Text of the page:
Why You Shouldn’t Worry About Your Stocks & Investments

Categories: Invest

The stock market has severely slumped this week

2014 has been a great year in the stock market. The Standard & Poor’s 500 (S & P) basket of stock of 500 companies hit an all time record thisstock market dice year when it closed at 2,011 August 26th. However, this week has been particularly bad for the S & P, since it closed today 10/10/14 at 1,906, over 5% down from that high. You could say the ‘Standard” is looking poorly this week.

Another leading indicator is the Dow Jones Industrial Average (DJIA, also called the Dow), a group of stock in 30 large companies. The Dow closed at an all-high time high of 17,279 September 17th, but closed today at 16,544, down about 4% from last month’s high. Likewise, you could say the ‘Dow’ is looking down. Pardon the puns.

Value only matters twice: when you buy or sell something

Many irrational and poorly performing investors, buy when the market is skyrocketing, like it has been doing lately, because they get all caught up in the excitement. Then, they panic, because all of the bad press and negative hype in the media. They sell their stock, stock mutual funds, stock ETFs, and move money out of the stock portfolio in their 401(k). The classic way to lose money; buy high and sell low.

The wrong time to sell an investment is usually after it slumps. Most equity or stock markets recover within months or a year or so. If you don’t have to sell something, then be patient and wait.

The Tortoise and the Hair

This children’s literature is a great model for most investors.  Like in the story, the tortoise is slow and steady, non-emotional, plodding along towards his goals, ignoring the emotions on the sideline. The jumpity rabbit style investor, is excited and anxious all of time. Jumping in an out of the market. The tortoise investor buys and holds, and is long-term oriented. That guy usually ends up ahead of the nervous one. That is not to say you shouldn’t ever sell based on some market indicators, or hold on to everything. It’s a general concept of life, and it works in the investment world too.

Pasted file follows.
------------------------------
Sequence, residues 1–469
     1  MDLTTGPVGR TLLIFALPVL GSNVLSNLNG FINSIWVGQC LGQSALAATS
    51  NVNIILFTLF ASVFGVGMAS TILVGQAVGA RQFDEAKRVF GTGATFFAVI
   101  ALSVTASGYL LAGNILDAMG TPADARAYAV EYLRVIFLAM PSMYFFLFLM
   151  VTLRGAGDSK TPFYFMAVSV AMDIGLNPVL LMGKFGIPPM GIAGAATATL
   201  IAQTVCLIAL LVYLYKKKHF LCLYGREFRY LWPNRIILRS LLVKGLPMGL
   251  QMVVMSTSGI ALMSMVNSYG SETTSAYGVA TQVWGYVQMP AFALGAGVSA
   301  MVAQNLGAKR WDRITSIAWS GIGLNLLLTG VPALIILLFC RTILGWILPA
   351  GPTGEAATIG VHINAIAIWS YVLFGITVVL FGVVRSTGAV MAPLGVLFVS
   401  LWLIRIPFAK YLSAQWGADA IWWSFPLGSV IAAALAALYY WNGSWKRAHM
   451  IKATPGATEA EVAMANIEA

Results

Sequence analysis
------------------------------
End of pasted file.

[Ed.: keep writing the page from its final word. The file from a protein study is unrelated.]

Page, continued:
Stock mutual fund literature

When I was the mutual fund marketing manager for a broker dealer, the mutual fund wholesalers had these great charts they’d show me. On one line was the stock market steadily increasing over the last 100 years. It always had peaks and valleys, sometimes caused by national or world affairs. All the major news events are listed on these chart’s timeline too. Things like all of the wars, big negative events like the assassination of Kennedy, the Cuban Missile Crisis, recessions, depressions, and 9/11. These things affected the stock market, sometime severely, but it always recovered.

When to sell investments

No one knows the best time to get out of stocks; there are no crystal balls or genies to consult.  If you need money for retirement, it’s okay to sell a small percentage of your portfolio to make ends meet. Doing that over a 20 year span of time, but only in a couple of down markets from a properly management and good-sized account, probably won’t make you go broke.

Are you close to retiring, or will you need a chunk of money soon to buy something? It may be okay, to plan, save and get out of some funds a little advance of that time, or to lower your exposure to more volatile investments. This could be smart.

In summary, don’t worry, never panic

The worst decisions I have seen people make, is when they are very worried, or have high anxiety. It’s always good to make investment decisions with a clear mind, with lots of advice from your personal financial planner or wealth adviser. Their job is not only to bring you good investment opportunities, but to hold your hand when the market slumps, and to keep you from getting overly excited when things are high. They’ll help you plan your asset allocation changes and withdrawals based on your level of risk, spending needs, and phase of life.